3 Must-Ride Roller Coasters for Your Bucket List

If you find yourself debating max height versus top speed, vertical drop versus track length, and the relative merits of giga versus strata, you might just be hooked on roller coasters. We’ve rounded up some rather amusing coasters to add to your bucket list.

Ride The World’s Tallest Roller Coaster

At 456 feet high—that’s 45 stories—Kingda Ka puts you on top of the world at Six Flags Great Adventure in Jackson, N.J. Ranking as the world’s tallest and second-fastest roller coaster, the ride rockets you out with a hydraulic launch mechanism to 128 mph in 3.5 seconds before ascending 90 degrees straight up to the top—then making the epic 418 foot plunge into a 270 degree spiral.

On a clear day, you can catch a glimpse of Philadelphia and New York City. Once your stomach returns to its rightful place and your heart rate recovers, you’ll also want to queue up for the park’s Zumanjaro—Drop of Doom, which debuts in 2014 and is built into the structure of Kingda Ka. The specs? You and seven gondola-mates are lifted 415 feet in the air before being released earthward at 90 miles an hour. While it’s not a roller coaster and the ride lasts only 10 seconds, the shakes might linger with you a while longer.

sixflags.com/greatadventure

Ride The World’s Fastest Roller Coaster

Since Kingda Ka came in second for speed and acceleration, world-record junkies are surely wondering who took first. That would be the Formula Rossa at Ferrari World—located in Abu Dhabi, United Arab Emirates which notches a top speed of 149 mph in just under five seconds.

The goal, as you might guess from the name, is to simulate the experience of driving a race car. You’re strapped into a bright red, replica Ferrari F1 race car, hitting a gut-wrenching G-force of 4.8 as you accelerate with a release velocity comparable to launching a jet off an aircraft carrier.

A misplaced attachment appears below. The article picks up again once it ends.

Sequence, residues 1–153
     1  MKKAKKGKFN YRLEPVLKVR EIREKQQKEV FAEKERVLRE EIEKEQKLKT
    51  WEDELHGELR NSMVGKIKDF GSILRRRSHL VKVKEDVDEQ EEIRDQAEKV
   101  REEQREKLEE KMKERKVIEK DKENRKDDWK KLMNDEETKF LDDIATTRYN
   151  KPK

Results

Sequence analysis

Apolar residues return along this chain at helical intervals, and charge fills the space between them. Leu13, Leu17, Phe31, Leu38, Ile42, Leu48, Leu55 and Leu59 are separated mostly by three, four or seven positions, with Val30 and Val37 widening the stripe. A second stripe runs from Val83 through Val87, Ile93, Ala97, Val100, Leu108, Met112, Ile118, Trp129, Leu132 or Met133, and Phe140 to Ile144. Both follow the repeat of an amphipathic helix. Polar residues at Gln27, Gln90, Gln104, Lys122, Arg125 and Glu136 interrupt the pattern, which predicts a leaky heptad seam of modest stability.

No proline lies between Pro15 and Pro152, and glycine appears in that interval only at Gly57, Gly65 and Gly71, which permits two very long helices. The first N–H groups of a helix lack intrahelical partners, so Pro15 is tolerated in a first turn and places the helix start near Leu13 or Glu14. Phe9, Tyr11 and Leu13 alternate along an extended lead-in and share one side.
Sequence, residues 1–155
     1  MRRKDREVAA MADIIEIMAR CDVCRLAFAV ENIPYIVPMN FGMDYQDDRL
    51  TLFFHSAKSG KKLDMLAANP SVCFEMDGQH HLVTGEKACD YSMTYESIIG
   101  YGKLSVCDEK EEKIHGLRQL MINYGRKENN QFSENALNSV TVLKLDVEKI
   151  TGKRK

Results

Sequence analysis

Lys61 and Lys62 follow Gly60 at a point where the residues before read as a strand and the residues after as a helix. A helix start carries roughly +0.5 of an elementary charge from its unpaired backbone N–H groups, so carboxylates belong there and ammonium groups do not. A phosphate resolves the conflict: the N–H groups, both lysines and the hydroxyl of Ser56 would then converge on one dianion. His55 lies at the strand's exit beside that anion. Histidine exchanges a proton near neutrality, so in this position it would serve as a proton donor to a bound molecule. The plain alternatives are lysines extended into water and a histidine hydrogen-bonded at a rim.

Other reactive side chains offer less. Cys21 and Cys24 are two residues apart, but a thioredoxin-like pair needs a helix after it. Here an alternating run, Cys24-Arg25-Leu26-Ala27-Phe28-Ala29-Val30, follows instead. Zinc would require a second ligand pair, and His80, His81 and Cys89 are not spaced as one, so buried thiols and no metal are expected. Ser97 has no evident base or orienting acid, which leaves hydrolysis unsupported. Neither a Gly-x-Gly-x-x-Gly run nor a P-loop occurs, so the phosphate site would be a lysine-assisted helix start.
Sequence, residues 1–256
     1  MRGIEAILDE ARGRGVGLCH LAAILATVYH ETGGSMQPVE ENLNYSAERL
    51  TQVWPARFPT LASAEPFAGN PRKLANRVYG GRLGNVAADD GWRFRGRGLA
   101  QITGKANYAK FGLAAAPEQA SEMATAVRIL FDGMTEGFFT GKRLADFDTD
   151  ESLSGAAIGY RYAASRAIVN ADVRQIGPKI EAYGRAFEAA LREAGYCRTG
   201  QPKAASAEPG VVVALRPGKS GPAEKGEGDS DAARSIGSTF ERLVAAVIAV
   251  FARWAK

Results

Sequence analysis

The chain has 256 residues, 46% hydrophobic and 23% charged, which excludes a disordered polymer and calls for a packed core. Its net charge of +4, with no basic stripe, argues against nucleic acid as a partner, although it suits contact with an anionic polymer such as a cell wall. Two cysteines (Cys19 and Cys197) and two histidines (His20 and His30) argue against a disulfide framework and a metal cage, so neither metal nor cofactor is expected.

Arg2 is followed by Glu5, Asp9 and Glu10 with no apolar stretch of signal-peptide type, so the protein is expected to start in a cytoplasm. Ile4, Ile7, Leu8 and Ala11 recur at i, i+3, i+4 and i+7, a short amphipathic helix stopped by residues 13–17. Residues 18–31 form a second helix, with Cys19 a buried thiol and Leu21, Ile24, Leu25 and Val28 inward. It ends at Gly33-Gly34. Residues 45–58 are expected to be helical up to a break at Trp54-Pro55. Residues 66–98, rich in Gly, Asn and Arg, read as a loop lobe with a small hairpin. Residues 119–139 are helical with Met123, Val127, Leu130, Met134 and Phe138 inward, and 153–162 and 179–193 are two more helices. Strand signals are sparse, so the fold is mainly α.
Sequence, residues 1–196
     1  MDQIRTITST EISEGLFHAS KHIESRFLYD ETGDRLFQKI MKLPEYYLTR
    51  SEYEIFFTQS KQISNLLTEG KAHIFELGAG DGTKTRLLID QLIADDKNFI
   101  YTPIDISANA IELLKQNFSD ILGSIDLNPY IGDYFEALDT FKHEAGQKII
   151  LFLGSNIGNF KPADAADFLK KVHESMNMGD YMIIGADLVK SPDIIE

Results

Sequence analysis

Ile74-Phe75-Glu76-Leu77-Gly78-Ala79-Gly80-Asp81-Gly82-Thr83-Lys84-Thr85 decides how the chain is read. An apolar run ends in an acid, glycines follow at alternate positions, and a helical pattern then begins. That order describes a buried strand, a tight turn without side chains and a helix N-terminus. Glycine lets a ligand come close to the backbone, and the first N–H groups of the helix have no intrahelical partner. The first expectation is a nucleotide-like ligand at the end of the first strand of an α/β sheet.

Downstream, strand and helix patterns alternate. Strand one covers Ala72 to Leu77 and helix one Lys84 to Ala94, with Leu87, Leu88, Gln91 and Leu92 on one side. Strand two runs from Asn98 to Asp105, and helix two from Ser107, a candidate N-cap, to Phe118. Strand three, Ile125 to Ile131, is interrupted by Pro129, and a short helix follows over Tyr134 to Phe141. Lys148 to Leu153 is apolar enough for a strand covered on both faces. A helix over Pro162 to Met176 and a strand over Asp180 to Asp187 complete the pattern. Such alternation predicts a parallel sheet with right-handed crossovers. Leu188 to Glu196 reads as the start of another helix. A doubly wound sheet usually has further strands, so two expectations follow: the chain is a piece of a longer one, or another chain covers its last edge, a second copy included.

The track, whose shape was inspired by the famed Autodromo Nazionale Monza in Italy, launches you on a whirlwind ride, taking little more than 90 seconds to cover 1.4 miles from inside the amoeba-shaped indoor theme park, outside, and back to the loading station complete with chicanes just like you’d experience on a real race course. While the top height is a modest 174 feet and maximum drop of 169 feet, the Formula Rossa more than makes up for it with pure adrenaline pumping speed.

ferrariworldabudhabi.com

Ride a Roller Coaster That Has Been Around For More Than 80 Years

From height and speed, we turn to a granddaddy wooden roller coaster that’s still dishing out the thrills after more than eight decades—The Comet, at Six Flags Great Escape in Lake George, N.Y. It’s a fast-paced ride with lots of negative G-force air time—the feeling where you liftoff your seat. While its 95-foot height and 60 mph top speed aren’t in the same realm as its steel brethren, it serves up more than its share of stomach churning drops during a two-minute run. No surprise The Comet has earned a place in the hearts of coaster lovers as well as the American Coaster Enthusiasts organization, which named it a Landmark Coaster a few years ago.

On The Comet, you’re taking a ride on history. Originally named the Cyclone, it was first constructed in 1927 by legendary coaster builder Harry Traver and located in Crystal Beach Amusement Park in Ridgeway, Ontario, Canada. In 1946, it was dismantled, then salvaged, redesigned, and reopened two years later as the Crystal Beach Comet. When the park closed in 1989, the ride was purchased by Great Escape and reconstructed before reopening to the public in 1994.

sixflags.com/greatescape

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